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Latino Aging Research Resource Center

Latino Aging Research Resource Center

Latino Aging Research Resource Center Scholars and Projects

Susan Ramirez

Vineeta Chand, Ph.D.
Latino cognitive health, bilingual proficiency and language efficiency
This project seeks to test the relationship between bilingual proficiency, communicative efficiency and the age of onset of Alzheimer's among Latinos in northern California. Research on the protective (reserve) role of bilingualism for delaying Alzheimer’s disease (AD) age of onset and decline trajectory has offered conflicting findings, problematized in part by inconsistencies and lack of rigor in how bilingual proficiency is measured. In addition, a quantitative language efficiency measure, idea density (ID, a measure of how content-full language is), shows promise as a measure of cognitive reserve in White American populations, but is unexplored in ethnic minority populations, and in non-English data.

 

Mariaelena Gonzalez, Ph.D.

Sunshine Rote, Ph.D.
Cognitive Functioning and Support Need in the Mexican-Origin Population.
In the next few decades, the number of Mexican American elders with Alzheimer’s Disease and Related Disorders (ADRD) will increase dramatically. Given the fact that this population underutilizes formal care services, the degree of elder-care responsibilities in the Mexican American family is likely to increase in the coming decade. However, little is known about the nature and extent of need for assistance with day-to-day activities and emotional support due to ADRD-related decline. The proposed study employs a longitudinal study of 3,050 older Mexican-origin individuals, the Hispanic Established Populations for the Epidemiologic Studies of the Elderly (H-EPESE, 1993/94-2010/11).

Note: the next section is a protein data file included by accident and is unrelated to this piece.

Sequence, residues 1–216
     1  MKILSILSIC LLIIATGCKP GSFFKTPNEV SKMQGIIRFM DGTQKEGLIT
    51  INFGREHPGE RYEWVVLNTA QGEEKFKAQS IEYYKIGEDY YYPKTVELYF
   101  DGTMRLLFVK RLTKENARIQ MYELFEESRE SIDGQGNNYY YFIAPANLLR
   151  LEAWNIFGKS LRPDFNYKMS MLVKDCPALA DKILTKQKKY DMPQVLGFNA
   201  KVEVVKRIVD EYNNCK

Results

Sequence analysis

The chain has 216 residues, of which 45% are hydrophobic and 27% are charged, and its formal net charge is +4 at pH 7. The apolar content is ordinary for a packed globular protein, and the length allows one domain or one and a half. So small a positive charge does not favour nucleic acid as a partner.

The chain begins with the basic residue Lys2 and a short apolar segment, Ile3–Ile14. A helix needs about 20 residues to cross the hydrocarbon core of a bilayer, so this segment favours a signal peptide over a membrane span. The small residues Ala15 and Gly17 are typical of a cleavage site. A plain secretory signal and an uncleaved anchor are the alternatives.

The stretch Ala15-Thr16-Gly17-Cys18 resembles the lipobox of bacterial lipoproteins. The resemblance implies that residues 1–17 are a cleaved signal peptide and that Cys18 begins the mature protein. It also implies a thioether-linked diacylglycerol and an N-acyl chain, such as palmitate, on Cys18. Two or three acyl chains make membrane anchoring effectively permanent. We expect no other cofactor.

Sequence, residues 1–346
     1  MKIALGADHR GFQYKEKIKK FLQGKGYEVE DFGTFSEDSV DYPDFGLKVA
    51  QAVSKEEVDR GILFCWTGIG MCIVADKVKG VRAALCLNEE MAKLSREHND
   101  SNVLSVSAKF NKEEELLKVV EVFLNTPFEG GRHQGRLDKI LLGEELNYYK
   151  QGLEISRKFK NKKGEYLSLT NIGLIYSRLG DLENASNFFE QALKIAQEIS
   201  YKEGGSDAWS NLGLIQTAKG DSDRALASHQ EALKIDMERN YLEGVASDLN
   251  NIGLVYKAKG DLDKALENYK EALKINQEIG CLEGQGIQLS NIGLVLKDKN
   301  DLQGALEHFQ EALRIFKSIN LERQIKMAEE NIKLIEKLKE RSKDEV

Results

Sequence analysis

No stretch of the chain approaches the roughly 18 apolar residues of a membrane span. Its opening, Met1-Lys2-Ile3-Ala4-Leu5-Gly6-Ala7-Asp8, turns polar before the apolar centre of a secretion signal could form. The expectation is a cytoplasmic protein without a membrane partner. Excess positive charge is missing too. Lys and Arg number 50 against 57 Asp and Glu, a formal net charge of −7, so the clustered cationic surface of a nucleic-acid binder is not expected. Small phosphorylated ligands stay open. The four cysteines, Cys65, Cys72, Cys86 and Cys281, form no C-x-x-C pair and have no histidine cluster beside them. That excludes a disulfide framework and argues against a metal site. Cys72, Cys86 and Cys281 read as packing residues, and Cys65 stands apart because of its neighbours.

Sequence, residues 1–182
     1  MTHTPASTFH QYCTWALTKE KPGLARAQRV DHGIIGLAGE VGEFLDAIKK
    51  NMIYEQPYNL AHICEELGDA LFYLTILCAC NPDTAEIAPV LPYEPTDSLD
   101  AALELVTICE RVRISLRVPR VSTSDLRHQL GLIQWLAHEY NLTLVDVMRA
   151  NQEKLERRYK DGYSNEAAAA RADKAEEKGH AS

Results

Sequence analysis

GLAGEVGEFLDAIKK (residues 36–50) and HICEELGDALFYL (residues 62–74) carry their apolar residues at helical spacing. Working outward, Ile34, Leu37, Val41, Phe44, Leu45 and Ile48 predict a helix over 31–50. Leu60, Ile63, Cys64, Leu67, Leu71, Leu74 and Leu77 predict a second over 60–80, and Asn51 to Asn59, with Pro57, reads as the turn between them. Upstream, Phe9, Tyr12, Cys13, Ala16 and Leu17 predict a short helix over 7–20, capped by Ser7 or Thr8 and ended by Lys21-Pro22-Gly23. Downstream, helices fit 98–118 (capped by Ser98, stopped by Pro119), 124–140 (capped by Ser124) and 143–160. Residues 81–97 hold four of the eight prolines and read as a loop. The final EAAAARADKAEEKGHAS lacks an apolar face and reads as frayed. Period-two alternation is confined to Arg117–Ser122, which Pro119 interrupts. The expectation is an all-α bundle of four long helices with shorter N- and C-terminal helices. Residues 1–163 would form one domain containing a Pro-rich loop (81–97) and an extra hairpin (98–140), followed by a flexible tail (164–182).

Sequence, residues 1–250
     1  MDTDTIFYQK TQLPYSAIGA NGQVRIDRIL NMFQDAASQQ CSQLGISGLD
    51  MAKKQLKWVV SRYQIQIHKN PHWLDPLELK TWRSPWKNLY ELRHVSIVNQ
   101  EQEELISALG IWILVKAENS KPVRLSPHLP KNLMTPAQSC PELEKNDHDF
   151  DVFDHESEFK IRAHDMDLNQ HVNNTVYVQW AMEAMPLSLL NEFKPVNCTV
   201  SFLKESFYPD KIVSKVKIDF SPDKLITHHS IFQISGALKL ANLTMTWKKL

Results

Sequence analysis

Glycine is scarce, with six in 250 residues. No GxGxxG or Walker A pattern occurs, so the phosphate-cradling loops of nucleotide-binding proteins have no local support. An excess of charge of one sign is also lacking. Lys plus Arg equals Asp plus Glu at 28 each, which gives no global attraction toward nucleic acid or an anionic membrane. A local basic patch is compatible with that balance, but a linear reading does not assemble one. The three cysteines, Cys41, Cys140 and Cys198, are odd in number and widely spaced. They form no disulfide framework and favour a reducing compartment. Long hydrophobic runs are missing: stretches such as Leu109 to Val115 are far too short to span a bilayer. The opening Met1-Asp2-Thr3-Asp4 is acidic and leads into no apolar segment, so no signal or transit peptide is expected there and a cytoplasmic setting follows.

Oanh Meyer

G. Adriana Perez, PhD, ANP-BC, FAAN
Physical Activity & Cognitive Health Among Older Latinas
Latinos experience a higher risk of developing chronic cognitive diseases, including Alzheimer’s and other dementias compared to non-Latino whites. Much of the cognitive disease burden has been associated with cardiovascular disease risk factors that include high cholesterol, high blood pressure, diabetes and physical inactivity. Of the major modifiable risk factors, physical inactivity has been found to affect the largest segment of the population, particularly those with lower socio-economic status, older adults, women and Latinos. This public health concern is particularly critical among older Latinas. The objective of this research is to address important gaps in the literature by expanding our understanding of cognitive health promotion among older Latinas through regular physical activity